Washington, April 16 (ANI): Researchers at the Kimmel Cancer Center at Jefferson have come one step closer to personalized cancer medicine.
Identifying gene mutations in cancer patients to predict clinical outcome has been the cornerstone of cancer research for nearly three decades, but now researchers have invented a new approach that instead links cancer cell metabolism with poor clinical outcome. This approach can now be applied to virtually any type of human cancer cell.
The researchers demonstrate that recurrence, metastasis, and poor clinical outcome in breast cancer patients can be identified by simply gene profiling cancer cells that are using ketones and lactate as a food supply.
The investigators are calling this new approach to personalized cancer medicine "Metabolo-Genomics."
High-energy metabolites have long been suspected to "fuel" aggressive tumor cell behavior. The researchers used this premise to generate a gene expression signature from genetically identical cancer cells, but one cell group was fed a diet of high-energy metabolites. These lactate- and ketone-induced "gene signatures" then predicted recurrence, metastasis, and poor survival.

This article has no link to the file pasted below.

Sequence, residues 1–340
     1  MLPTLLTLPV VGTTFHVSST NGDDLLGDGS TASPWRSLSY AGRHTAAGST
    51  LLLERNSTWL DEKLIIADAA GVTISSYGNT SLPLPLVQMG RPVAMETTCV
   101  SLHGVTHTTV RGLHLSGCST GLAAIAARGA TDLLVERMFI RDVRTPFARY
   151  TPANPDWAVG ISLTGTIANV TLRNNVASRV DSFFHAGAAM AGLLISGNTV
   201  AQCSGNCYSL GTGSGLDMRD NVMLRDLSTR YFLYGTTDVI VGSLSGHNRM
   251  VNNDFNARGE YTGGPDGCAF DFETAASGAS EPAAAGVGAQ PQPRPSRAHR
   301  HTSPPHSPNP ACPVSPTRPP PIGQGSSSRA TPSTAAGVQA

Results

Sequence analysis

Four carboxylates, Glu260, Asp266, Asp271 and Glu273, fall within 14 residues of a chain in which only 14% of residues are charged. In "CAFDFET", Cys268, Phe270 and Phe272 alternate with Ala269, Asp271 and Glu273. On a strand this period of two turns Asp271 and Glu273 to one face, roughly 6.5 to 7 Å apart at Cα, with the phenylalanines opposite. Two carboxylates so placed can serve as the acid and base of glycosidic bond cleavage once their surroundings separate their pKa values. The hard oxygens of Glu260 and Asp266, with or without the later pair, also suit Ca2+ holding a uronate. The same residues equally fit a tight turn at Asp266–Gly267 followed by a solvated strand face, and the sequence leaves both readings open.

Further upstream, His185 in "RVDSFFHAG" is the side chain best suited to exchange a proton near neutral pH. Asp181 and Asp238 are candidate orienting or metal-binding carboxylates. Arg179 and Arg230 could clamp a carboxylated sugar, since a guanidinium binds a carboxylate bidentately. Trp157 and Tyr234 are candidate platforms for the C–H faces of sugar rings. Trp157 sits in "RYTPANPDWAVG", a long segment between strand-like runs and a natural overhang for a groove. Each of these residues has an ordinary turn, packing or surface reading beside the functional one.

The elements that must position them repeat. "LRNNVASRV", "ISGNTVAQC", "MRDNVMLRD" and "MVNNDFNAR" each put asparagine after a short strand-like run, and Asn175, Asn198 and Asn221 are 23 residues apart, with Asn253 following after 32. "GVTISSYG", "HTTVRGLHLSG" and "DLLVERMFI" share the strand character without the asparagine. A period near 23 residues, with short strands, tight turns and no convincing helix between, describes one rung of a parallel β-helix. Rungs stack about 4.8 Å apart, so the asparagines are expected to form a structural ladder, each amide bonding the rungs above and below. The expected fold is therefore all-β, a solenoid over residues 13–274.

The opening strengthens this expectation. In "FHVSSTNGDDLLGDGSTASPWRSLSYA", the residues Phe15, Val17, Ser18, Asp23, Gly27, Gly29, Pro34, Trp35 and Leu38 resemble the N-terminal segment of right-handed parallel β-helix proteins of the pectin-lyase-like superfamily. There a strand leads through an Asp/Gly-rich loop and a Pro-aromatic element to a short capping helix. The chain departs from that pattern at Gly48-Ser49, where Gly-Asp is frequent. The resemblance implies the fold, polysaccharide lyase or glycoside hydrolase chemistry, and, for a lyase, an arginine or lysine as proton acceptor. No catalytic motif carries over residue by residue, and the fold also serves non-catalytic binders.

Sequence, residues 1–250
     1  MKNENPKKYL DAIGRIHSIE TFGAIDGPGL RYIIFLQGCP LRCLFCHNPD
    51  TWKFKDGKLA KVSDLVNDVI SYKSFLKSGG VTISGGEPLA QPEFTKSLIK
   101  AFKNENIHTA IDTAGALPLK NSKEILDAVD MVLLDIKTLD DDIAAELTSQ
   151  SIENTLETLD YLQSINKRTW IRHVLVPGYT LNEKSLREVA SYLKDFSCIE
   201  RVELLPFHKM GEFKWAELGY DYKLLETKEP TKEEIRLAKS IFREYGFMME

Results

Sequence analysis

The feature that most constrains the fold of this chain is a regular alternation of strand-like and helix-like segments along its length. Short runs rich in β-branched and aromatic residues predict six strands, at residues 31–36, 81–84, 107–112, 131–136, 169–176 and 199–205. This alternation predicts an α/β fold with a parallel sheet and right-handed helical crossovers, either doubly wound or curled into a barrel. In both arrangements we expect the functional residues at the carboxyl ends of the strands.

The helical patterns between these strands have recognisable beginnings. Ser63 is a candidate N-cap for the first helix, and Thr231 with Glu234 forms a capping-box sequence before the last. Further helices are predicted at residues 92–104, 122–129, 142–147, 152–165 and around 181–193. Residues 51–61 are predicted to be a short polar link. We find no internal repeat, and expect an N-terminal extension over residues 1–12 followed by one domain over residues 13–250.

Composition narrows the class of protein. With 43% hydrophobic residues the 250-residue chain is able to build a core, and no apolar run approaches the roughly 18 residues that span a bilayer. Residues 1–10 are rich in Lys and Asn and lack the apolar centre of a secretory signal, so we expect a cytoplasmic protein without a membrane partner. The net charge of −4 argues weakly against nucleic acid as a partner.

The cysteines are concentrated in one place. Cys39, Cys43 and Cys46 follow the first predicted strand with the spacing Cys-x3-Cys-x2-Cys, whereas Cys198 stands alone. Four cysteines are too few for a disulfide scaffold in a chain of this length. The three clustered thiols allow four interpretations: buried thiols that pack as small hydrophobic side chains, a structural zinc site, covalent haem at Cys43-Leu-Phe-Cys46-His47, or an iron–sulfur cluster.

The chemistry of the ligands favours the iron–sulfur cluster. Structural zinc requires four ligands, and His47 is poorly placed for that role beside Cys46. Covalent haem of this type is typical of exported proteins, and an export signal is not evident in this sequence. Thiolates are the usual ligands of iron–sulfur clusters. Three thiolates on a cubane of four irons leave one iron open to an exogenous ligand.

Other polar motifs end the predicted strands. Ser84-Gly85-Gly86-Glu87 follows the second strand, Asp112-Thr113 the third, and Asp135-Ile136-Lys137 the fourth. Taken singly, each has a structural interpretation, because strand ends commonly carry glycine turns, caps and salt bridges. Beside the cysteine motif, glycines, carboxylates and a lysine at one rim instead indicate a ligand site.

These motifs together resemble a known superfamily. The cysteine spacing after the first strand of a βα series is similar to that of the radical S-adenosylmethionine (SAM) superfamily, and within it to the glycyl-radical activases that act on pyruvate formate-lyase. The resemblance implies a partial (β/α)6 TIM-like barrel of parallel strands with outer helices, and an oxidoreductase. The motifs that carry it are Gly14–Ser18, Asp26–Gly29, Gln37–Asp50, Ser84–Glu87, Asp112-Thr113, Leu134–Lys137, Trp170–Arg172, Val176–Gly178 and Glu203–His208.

"Tumors that are using the body's own nutrients (lactate and ketones) as "fuel" have a poorer outcome for patient survival, a behavior that now can be used to predict if a patient is at a high-risk for recurrence or metastasis," said Michael P. Lisanti, Professor and Chair of Stem Cell Biology and Regenerative Medicine at Jefferson Medical College of Thomas Jefferson University and a member of the Kimmel Cancer Center at Jefferson.
"This is getting to the heart of personalized cancer medicine. Now, we have identified a panel of biomarkers that directly links cancer metabolism with targeted cancer therapy," added P. Lisanti.
The finding is detailed in the online issue of Cell Cycle. (ANI)